Army lawyer denies ‘uniformed soldier’ killed Lontok
LUCENA CITY, Philippines–The lawyer of Army soldiers in the controversial Atimonan shooting incident on January 6 strongly refuted the supposed personal account of two eyewitnesses, who pointed to an unidentified man in “soldier’s uniform” as the one who allegedly shot Tirso Lontok Jr. while the environmentalist was raising his arms, apparently an act of surrendering himself to authorities.
“The testimonies of the witnesses are not true. There were no soldiers near the vehicle. The checkpoint was being manned by policemen because it was a police operation,” lawyer Crisanto Buela, said in a phone interview on Friday.
Buela said the Army soldiers, members of the First Special Forces Battalion led by Lieutenant Colonel Monico Abang, were posted some distance away from the checkpoint because they were only acting as a support group to the policemen.
“The cops were the ones who flagged down the vehicles and not one of the soldiers,” Buela said.
Buela insisted that the checkpoint was a legitimate police operation against the 13 men onboard the two sports utility vehicles flagged down at the checkpoint.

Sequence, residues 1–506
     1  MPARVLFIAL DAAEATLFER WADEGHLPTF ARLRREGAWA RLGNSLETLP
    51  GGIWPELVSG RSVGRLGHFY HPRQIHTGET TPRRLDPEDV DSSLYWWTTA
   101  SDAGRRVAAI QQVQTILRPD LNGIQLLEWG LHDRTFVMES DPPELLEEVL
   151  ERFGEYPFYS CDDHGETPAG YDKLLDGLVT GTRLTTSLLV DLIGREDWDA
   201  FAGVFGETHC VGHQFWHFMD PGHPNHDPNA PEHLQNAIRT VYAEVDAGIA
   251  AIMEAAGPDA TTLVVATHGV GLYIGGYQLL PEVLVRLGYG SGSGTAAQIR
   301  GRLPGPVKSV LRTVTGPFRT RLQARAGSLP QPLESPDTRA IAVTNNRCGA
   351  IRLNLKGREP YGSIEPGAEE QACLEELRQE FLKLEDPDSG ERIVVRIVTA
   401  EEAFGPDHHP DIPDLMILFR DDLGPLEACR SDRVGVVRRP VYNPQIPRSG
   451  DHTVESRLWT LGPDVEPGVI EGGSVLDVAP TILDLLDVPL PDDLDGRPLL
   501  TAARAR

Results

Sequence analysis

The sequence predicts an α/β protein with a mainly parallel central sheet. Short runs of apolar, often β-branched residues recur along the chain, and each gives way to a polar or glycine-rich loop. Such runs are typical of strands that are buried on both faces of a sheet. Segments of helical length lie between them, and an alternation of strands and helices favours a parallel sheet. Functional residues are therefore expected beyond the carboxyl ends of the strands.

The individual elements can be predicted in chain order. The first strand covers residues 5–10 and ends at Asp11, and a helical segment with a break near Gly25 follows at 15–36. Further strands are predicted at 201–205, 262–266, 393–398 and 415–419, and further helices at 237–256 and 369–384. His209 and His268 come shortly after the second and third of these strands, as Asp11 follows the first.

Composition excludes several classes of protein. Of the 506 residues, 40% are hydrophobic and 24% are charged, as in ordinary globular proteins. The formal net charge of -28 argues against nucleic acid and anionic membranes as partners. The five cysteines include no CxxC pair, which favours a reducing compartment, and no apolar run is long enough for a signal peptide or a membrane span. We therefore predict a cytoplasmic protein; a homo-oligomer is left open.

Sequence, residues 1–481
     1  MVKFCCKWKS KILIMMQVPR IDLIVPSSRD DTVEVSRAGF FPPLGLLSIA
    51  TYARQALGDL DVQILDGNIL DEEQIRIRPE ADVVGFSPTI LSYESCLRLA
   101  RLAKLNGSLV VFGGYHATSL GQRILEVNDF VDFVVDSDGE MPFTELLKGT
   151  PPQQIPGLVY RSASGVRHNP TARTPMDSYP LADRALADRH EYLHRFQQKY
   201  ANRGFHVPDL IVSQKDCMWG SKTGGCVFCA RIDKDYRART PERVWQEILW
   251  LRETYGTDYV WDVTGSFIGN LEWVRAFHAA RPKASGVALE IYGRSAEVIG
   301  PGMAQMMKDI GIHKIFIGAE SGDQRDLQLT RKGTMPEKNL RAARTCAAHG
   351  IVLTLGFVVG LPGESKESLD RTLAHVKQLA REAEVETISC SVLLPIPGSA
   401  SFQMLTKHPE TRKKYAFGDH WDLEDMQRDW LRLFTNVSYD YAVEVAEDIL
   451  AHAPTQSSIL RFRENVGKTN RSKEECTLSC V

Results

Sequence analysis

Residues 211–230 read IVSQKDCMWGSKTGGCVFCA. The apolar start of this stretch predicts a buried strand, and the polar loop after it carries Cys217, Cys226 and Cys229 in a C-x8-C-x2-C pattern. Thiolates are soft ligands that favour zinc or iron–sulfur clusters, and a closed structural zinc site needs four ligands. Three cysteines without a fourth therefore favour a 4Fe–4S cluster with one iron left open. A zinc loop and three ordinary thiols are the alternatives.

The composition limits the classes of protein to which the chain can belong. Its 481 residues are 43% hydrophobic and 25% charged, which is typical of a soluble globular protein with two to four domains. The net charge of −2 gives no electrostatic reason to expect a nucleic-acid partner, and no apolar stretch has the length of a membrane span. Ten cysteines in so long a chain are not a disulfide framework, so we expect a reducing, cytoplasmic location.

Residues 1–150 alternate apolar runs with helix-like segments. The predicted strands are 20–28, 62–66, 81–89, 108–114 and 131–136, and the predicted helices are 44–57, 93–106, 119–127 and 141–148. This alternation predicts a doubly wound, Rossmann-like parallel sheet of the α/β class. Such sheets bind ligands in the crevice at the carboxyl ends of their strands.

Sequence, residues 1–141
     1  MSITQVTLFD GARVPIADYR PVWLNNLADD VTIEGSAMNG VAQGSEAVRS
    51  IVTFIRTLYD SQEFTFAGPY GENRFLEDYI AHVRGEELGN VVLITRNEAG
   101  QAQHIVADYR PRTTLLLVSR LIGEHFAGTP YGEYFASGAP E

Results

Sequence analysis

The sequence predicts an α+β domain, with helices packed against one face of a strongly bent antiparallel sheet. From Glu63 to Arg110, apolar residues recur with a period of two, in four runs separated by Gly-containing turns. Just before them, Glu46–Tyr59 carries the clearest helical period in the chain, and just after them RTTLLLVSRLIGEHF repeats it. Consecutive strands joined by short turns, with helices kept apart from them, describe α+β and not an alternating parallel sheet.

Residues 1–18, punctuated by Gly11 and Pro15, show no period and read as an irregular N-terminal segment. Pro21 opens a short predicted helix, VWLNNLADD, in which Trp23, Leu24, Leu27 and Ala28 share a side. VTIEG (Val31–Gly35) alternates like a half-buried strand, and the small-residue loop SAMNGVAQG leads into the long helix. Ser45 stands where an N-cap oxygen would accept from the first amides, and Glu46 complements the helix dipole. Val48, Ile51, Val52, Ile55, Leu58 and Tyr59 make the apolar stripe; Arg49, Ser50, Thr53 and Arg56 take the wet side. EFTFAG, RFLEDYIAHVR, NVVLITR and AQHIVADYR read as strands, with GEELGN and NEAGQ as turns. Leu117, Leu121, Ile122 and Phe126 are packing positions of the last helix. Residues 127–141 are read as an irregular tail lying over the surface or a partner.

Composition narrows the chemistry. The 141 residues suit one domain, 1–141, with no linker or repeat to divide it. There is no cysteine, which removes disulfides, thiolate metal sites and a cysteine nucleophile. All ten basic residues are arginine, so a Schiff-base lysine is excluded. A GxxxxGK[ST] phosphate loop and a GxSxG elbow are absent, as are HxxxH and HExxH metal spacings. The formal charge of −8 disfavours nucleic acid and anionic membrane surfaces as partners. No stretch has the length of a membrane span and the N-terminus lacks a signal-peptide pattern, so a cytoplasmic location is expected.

On Thursday, Justice Secretary Leila de Lima confirmed the report that Lontok and another victim stepped out of the second Montero vehicle with arms raised but were still shot by a “uniformed soldier with rifle and a civilian with handgun” manning the checkpoint.
Lontok’s body, which bore a total of 14 gunshot wounds, was found in a roadside ditch, where it had rolled after he was shot, according to a police report.
De Lima’s confirmation only added more grief to Lontok’s family and friend.
“It only confirmed our theory that what had happened was not a shootout but a massacre. Kuya Jun and his company were mercilessly killed. We demand justice for all of them,” Ariel Saliva, Lontok’s cousin, told the Inquirer.
Saliva and some members of the Lontok clan on Thursday traveled all the way from Dolores, Quezon at the foot of Mount Banahaw to watch the reenactment of the shooting conducted by the National Bureau of Investigation along the Maharlika Highway in Barangay Lumutan, Atimonan.
During the reenactment, Saliva and his relatives were spotted silently watching the proceedings in the company of media people, who were behind the cordon placed around the encounter site by police and NBI agents.
Manny Calayag, Lontok’s best friend, shook his head in utter disgust and pity for his former comrade in Mount Banahaw protection advocacy.
“He already raised his hands but why was he still gunned down?” Calayag said.
He branded the unidentified soldier at the checkpoint who shot his friend as a “law enforcer and executioner at the same time.”
“Jun was not even spared the chance to defend himself and tell his would-be killer that he has done nothing wrong or unlawful. Instead, he was peppered with 14 bullets that snapped the life of my bosom buddy,” Calayag said.
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